How the sunburst is generated
The tree is built by considering the taxonomic lineage of each sequence that has a match to this family. For each node in the resulting tree, we draw an arc in the sunburst. The radius of the arc, its distance from the root node at the centre of the sunburst, shows the taxonomic level ("superkingdom", "kingdom", etc). The length of the arc represents either the number of sequences represented at a given level, or the number of species that are found beneath the node in the tree. The weighting scheme can be changed using the sunburst controls.
In order to reduce the complexity of the representation, we reduce the number of taxonomic levels that we show. We consider only the following eight major taxonomic levels:
Colouring and labels
Segments of the tree are coloured approximately according to their superkingdom. For example, archeal branches are coloured with shades of orange, eukaryotes in shades of purple, etc. The colour assignments are shown under the sunburst controls. Where space allows, the name of the taxonomic level will be written on the arc itself.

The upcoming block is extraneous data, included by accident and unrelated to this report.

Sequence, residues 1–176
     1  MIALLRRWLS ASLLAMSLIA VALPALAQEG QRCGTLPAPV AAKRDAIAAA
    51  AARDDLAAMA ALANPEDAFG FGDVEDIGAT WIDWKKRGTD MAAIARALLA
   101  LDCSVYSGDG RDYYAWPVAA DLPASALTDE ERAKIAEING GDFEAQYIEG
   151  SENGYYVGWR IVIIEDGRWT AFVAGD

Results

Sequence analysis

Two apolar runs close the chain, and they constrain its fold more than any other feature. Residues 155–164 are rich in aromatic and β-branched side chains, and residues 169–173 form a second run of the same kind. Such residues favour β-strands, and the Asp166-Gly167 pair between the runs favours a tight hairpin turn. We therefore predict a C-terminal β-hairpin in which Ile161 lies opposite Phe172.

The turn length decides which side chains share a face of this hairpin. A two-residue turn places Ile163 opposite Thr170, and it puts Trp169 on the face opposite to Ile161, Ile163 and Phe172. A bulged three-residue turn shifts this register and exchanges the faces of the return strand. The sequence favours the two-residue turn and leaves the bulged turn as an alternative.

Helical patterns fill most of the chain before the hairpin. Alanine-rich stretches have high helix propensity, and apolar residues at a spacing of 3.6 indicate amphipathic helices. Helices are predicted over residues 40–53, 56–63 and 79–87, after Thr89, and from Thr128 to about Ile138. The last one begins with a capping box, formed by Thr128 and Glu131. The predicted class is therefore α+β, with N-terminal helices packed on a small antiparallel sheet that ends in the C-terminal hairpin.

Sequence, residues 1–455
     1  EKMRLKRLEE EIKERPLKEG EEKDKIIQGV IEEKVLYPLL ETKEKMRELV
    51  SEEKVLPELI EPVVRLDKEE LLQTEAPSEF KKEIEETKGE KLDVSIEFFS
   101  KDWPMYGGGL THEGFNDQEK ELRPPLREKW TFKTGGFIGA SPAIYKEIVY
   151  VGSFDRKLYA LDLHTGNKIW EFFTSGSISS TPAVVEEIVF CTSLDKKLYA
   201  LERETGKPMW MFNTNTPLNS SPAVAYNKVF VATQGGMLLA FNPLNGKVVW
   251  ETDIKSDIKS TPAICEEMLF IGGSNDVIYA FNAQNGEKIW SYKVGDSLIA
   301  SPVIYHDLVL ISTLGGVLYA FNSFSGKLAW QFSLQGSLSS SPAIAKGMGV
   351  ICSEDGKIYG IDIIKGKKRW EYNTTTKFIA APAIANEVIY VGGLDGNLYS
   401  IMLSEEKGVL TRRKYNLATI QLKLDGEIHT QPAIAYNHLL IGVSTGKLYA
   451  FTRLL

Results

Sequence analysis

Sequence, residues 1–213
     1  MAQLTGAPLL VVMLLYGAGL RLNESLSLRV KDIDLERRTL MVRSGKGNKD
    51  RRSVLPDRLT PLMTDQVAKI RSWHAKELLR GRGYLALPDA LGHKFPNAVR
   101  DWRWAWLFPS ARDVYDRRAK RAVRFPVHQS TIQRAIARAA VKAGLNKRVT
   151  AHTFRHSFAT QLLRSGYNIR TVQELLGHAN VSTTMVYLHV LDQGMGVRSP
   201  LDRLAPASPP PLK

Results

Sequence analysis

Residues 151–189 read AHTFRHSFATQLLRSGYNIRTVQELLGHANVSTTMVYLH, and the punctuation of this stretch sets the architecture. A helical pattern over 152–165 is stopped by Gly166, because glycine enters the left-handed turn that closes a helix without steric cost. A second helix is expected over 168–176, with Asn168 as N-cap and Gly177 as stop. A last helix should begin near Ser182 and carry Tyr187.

As you move your mouse across the sunburst, the current node will be highlighted. In the top section of the controls panel we show a summary of the lineage of the currently highlighed node. If you pause over an arc, a tooltip will be shown, giving the name of the taxonomic level in the title and a summary of the number of sequences and species below that node in the tree.
Anomalies in the taxonomy tree
There are some situations that the sunburst tree cannot easily handle and for which we have work-arounds in place.
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Some species in the taxonomic tree may not have one or more of the main eight levels that we display. For example, Bos taurus is not assigned an order in the NCBI taxonomic tree. In such cases we mark the omitted level with, for example, "No order", in both the tooltip and the lineage summary.
Unmapped species names
The tree is built by looking at each sequence in the full alignment for the family. We take the name of the species given by UniProt and try to map that to the full taxonomic tree from NCBI. In some cases, the name chosen by UniProt does not map to any node in the NCBI tree, perhaps because the chosen name is listed as a synonym or a misspelling in the NCBI taxonomy.